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Improving Clinical Outcomes in Treating Heroine Dependence :Randomised Controlled Trial of Oral or Implant Naltrexone

Hulse, Gary; Morris, Noella; Arnold-Reed, Diane; Tait, Robert

Description

Context: Oral naltrexone hydrochloride effectively antagonizes heroin, but its utility is limited by patient noncompliance. Sustained-release preparations may overcome this limitation. Objective: To compare the safety and efficacy of a single-treatment sustained-release naltrexone implant with daily oral naltrexone treatment. Design: Seventy heroin-dependent volunteers entered a randomized, double-blind, double-placebo controlled trial with a 6-month follow-up period. Patients: Eligibility...[Show more]

dc.contributor.authorHulse, Gary
dc.contributor.authorMorris, Noella
dc.contributor.authorArnold-Reed, Diane
dc.contributor.authorTait, Robert
dc.date.accessioned2015-12-10T21:57:26Z
dc.date.available2015-12-10T21:57:26Z
dc.identifier.issn0003-990X
dc.identifier.urihttp://hdl.handle.net/1885/39774
dc.description.abstractContext: Oral naltrexone hydrochloride effectively antagonizes heroin, but its utility is limited by patient noncompliance. Sustained-release preparations may overcome this limitation. Objective: To compare the safety and efficacy of a single-treatment sustained-release naltrexone implant with daily oral naltrexone treatment. Design: Seventy heroin-dependent volunteers entered a randomized, double-blind, double-placebo controlled trial with a 6-month follow-up period. Patients: Eligibility criteria were DSM-IV opioid (heroin) dependence; age 18 years or older; willingness to be randomized; residing in the Perth, Western Australia, metropolitan area; and completion of preclinical screening and written consent. A total of 129 eligible participants were identified, and 70 (54%) provided informed consent and were randomized as per the study design. Intervention: Participants received oral naltrexone, 50 mg/d, for 6 months (plus placebo implants) or a single dose of 2.3 g of naltrexone implant (plus placebo tablets). Main Outcome Measures: (1) Maintaining therapeutic naltrexone levels above 2 ng/mL; (2) return to regular heroin use (≥4 d/wk); (3) other heroin use and abstinence; (4) use of illicit nonopioid drugs; (5) number of opiate overdoses requiring hospitalization; (6) treatment-related unexpected and expected adverse events; and (7) blood naltrexone levels (ie, pharmacokinetic profile) for recipients of active naltrexone implants. Results: More participants in the oral vs the implant group had blood naltrexone levels below 2 ng/mL in months 1 (P<.001) and 2 (P=.01); in addition, more oral group participants had returned to regular heroin use by 6 months (P=.003) and at an earlier stage (median [SE], 115 [12.0] days vs 158 [9.4] days). There were 10 trial-related, unexpected adverse events. One serious adverse event, a wound hematoma, was associated with surgical implantation. Naltrexone blood levels in implant recipients were maintained above 1 and 2 ng/mL for 101 (95% confidence interval, 83-119) and 56 (39-73) days, respectively, among men and 124 (88-175) and 43 (16-79) days among women. Conclusions: The naltrexone implant effectively reduced relapse to regular heroin use compared with oral naltrexone and was not associated with major adverse events. Clinical Trial Registration: anzctr.org.au Identifier: ACTRN12606000308594.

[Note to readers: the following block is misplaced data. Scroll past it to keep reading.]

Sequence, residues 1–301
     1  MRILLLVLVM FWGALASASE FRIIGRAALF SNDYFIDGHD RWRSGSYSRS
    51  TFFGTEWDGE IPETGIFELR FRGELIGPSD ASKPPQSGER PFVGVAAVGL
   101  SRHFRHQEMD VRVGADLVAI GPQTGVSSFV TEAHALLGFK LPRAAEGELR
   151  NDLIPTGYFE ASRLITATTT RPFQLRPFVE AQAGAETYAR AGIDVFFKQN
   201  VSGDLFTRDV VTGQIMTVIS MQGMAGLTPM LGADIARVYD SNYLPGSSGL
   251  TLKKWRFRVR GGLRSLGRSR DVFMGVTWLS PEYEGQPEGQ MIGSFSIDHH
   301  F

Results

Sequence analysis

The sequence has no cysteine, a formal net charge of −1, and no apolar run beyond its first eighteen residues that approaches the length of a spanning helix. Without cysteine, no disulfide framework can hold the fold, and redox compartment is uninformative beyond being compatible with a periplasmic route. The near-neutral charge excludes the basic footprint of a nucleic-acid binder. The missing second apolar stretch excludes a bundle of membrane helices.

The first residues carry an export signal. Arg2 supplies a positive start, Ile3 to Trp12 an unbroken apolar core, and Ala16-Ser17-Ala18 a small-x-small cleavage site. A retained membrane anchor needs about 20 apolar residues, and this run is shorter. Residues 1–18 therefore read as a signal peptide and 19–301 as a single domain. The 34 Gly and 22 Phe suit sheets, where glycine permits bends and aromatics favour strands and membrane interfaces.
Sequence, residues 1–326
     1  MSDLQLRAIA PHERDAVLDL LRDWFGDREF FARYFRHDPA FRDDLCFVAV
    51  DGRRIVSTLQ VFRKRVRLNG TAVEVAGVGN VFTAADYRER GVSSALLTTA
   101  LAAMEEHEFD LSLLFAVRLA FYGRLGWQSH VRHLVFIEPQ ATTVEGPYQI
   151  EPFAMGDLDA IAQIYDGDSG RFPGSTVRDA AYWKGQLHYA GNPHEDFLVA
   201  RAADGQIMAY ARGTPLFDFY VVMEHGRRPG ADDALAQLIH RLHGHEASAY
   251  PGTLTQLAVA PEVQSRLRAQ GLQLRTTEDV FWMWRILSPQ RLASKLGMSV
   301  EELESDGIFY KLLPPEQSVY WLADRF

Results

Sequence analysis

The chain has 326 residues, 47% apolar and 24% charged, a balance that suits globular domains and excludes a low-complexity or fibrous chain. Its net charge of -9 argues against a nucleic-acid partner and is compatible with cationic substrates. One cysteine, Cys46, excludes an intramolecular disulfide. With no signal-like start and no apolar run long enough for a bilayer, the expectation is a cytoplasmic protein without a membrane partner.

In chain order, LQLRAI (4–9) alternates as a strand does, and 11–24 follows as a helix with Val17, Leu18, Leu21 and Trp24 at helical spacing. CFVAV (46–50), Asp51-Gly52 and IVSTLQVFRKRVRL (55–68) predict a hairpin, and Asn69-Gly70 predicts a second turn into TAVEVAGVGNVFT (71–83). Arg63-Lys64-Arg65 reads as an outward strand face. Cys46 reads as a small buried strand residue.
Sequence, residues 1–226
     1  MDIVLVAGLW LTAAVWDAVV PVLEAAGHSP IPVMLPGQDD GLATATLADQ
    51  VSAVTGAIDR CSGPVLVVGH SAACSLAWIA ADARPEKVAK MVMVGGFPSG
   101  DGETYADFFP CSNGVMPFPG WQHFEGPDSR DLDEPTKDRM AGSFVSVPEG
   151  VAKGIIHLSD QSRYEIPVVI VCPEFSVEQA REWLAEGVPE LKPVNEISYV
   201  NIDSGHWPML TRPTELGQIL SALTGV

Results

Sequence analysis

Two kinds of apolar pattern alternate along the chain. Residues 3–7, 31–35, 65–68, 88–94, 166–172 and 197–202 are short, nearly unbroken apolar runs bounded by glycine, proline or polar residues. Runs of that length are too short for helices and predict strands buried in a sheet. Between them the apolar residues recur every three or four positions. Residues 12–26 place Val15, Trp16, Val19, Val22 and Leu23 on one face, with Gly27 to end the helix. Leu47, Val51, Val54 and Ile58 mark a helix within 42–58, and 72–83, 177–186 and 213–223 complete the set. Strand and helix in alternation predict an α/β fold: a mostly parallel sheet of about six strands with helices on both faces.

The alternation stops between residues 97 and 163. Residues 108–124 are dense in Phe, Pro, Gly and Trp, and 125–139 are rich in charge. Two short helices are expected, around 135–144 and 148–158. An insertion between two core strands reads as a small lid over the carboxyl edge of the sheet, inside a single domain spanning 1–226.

dc.publisherAmerican Medical Association
dc.sourceArchives of General Psychiatry
dc.subjectKeywords: naltrexone; placebo; adult; article; clinical trial; controlled clinical trial; controlled study; diagnostic and statistical manual of mental disorders; diarrhea; double blind procedure; drug blood level; drug efficacy; drug safety; female; hematoma; hero
dc.titleImproving Clinical Outcomes in Treating Heroine Dependence :Randomised Controlled Trial of Oral or Implant Naltrexone
dc.typeJournal article
local.description.notesImported from ARIES
local.identifier.citationvolume66
dc.date.issued2009
local.identifier.absfor120101 - Architectural Design
local.identifier.ariespublicationU4146231xPUB183
local.type.statusPublished Version
local.contributor.affiliationHulse, Gary, University of Western Australia
local.contributor.affiliationMorris, Noella, University of Western Australia
local.contributor.affiliationArnold-Reed, Diane, University of Notre Dame
local.contributor.affiliationTait, Robert, College of Medicine, Biology and Environment, ANU
local.bibliographicCitation.issue10
local.bibliographicCitation.startpage1108
local.bibliographicCitation.lastpage1115
local.identifier.doi10.1001/archgenpsychiatry.2009.130
dc.date.updated2016-02-24T10:37:26Z
local.identifier.scopusID2-s2.0-70349667302
CollectionsANU Research Publications

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